HaT - German 7.62cm PaK 36(r) (8157) _________(EXT)



Manufacturer HaT
Scale 1/72
Set Code 8156
Year 2008
No. of Figures 16
No. of Poses 4
Additional Items 4 7.62cm PaK36Guns (r)
Aspect Small
Material Soft Plastic
Colour Green
Flash Level Intermediate
Glue-ability Good (Super Glue Gel)
Convert-ability Difficult
Optimal Period 1943 -1945



One of the most interesting sets of HaT's series of 1/72 guns and crews dedicated to WWII Germans might be the "German 7.62cm PaK 36(r)" set, not only the gun model, but also the garment of its crew contributing to this assessment. Despite that PaK36(r) was not initially a German gun but Russian, the presence inside a series related to Wehrmacht weapons is fully justified taking into account the large use, both against its initial developers on the Eastern Front, as well as in North Afrika. A good example of the intensive utilization can be the impressive number of projectiles fired by German soldiers with that gun in 1943, namely 151,390. In the early period of Barbarossa, Wehrmacht troopers captured more than 1.300 Soviet 76 mm divisional guns M1936 (F-22). The WWII German Army is acknowledged for having no hesitation in using captured war materials, and the same situation registered in the case of Russian F-22. The need of anti-tank guns capable to penetrate the thick amour of Soviet tanks was stringent and in April 1942 the first versions of improved F-22, renamed 7.62cm PaK 36(r), reached the front line and remained in service till the end of war.  Likewise, no confusion should be made between PaK36 which was a well-known German antitank gun and the captured 7.62cm PaK 36(r), two distinctions existing in the title of the latter, 7.62 cm meaning the caliber and (r) representing its origins, Russia. The two guns were totally different in shape, the German PaK36 being much smaller, firing 3.7 cm. HaT produces as well this model, nicknamed "door knocker" due to its "performances", but with DAK crew.

The 7.62cm PaK 36(r) continues the line of 1/72 HaT German Guns, featuring merely details, but with a shape that will make it recognisable on the wargame table. Composed by only seven pieces, the kit is one of the fastest to be assembled. Both these parts and the four member crew are integrated on the same sprue, four of each being delivered in the box. Common items for gun kits are ammunition boxes and spare projectiles, but here we do not get these. Manufactured in a soft green plastic that is quite close to rubber, the material takes well super glue, but the paint needs a little more time than normal to get dry. Moreover, flash is low, but very annoying to remove while the plastic has the undesired propensity of producing fluffs.

Initially a Russian gun, captured by Germans on the Eastern front, obviously the producer wanted to underline the idea, and what could better evoke that than soldiers dressed for fighting against the dreadful General Winter. All crewmen wear the standard Late War WWII German winter attire composed by greatcoat, regular trousers, toque, helmet, gaiters and boots. Details of the palms are also poor, so these might be painted either as wearing gloves or without. The nicest touch is the toques, we do not have too often the pleasure to find in 1/72 mass production sets figures with such items. Gear is shabby, but appropriate for gunners, here retaining only the belts, "Y" straps and the ammunition pouches for Kar98K. The one and only personal weapon of the set comes with the gun commander, symbolized by a pistol in a holster. Like in the rest of the sets of the series, the crew is formed by four soldiers sculptured crouched. Poses are flat, intended just to induce the appearance of some human activity around the gun, one soldier holding a projectile having the universal size encountered at HaT, other two taking position close to the weapon and the commander indicating with the right hand the direction of fire while holding in the left the binoculars.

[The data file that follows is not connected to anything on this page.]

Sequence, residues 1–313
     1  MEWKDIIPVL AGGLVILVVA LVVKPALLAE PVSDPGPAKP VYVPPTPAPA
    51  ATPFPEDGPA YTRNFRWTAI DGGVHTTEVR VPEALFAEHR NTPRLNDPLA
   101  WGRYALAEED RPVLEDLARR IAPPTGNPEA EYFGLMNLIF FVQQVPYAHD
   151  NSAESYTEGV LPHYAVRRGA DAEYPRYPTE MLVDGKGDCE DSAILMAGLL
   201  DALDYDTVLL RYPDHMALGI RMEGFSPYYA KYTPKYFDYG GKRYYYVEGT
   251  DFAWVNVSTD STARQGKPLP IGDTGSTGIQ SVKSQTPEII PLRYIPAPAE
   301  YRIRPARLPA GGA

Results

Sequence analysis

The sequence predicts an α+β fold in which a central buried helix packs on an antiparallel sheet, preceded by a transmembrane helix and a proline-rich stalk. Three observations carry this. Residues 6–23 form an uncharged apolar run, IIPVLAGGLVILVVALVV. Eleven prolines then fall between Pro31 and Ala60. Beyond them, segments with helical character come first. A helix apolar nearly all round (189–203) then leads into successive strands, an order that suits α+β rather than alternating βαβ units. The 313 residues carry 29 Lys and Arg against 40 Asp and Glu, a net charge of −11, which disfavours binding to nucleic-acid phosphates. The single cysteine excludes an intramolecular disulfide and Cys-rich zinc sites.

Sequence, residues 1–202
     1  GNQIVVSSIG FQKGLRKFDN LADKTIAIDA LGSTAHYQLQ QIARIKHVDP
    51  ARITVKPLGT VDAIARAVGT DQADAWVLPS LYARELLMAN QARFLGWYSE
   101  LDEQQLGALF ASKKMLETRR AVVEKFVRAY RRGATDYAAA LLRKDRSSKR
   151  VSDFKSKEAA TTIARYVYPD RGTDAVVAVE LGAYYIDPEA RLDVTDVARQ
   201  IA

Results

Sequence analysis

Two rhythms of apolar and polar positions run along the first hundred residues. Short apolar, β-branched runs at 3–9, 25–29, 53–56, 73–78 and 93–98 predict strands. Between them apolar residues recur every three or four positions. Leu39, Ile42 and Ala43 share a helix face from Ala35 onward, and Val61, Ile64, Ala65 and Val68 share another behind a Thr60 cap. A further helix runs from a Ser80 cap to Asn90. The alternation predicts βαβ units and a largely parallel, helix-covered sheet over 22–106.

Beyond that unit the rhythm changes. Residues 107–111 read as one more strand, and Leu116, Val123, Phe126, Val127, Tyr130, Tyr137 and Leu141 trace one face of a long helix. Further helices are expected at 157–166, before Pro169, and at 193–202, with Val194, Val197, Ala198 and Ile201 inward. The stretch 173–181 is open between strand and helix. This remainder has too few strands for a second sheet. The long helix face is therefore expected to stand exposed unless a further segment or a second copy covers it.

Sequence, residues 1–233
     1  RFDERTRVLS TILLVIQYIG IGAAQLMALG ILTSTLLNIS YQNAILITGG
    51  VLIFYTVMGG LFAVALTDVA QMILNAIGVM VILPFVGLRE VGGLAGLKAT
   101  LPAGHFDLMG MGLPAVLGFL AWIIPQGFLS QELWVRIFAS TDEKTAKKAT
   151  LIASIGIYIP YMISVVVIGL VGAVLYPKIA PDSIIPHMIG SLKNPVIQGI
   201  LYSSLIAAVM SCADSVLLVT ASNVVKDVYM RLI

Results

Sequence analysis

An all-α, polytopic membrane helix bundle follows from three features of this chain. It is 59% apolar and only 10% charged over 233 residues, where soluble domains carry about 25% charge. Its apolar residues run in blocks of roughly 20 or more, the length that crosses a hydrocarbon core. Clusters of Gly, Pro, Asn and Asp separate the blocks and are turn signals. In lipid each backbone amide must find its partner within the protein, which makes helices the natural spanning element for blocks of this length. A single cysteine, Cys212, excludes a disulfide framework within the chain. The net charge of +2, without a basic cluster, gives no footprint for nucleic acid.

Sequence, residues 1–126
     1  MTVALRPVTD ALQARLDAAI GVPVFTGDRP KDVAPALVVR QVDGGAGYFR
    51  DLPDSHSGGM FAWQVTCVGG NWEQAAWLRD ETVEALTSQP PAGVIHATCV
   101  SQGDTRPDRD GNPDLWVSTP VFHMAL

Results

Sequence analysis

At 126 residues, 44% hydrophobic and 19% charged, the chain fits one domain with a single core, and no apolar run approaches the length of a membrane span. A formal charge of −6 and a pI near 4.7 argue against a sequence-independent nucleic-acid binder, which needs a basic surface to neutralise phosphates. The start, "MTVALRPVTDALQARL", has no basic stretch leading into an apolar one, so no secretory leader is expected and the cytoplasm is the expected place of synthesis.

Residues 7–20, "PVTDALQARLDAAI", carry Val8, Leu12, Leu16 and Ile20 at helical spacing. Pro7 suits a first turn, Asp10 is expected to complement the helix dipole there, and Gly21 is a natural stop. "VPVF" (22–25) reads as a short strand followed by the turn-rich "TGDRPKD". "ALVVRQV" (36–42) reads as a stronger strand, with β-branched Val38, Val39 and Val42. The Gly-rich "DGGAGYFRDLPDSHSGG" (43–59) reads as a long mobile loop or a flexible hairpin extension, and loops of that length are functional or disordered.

Uniforms are roughly depicted, still having some buttons and the anatomy is better than in the rest of sets, neither due to an improved sculpture, nor by dimensions,  but because a large part of faces are covered by toques while the greatcoats and gloves do the same thing, hiding better the bodies.  Really small, at the border between 1/76 and 1/72 scales, they match the best with their comrades from the other HaT sets with guns as well as with figures from Armourfast's Mortar and MG teams, Pegasus Hobbies Waffen SS Set 2 or MAC Distribution's PaK 36 and PaK38 sets. Excess of plastic misses, but not the same can be said about flash. However, the latter comes in low amounts and it would have been fast to remove if the plastic had not had the tendency to produce annoying fluffs. Nevertheless, the main target groups are wargamers and collectors, and some of them are not extremely preoccupied and disturbed by such things. Not only superglue, but also paint and artistic oils are welcome by this rubberised soft plastic, though these need more time to dry. All crewmen are based and even without these devices most of them can stay. Considering that superglue works good here, some improvements might be added to the figures with Preiser or Dragon weapons and gear.

In spite the fact the gun was captured on the Eastern front, it saw action in Afrika too, and in this respect the weapon can be exploited with all HaT's crewmen, even with the DAK one. Most of diorama builders will leave the product on the store shelf, but those wanting to set up a large army in short time and do not care too much about details will find in HaT's "German 7.62cm PaK 36(r)" an appropriate solution. 


Historical Accuracy 7
Anatomy 6
Poses Quality 7
Details Quality 6
Mould Quality 7
Sculpture 6
Recommendation/Utility 7
Reviewer’s Opinion 6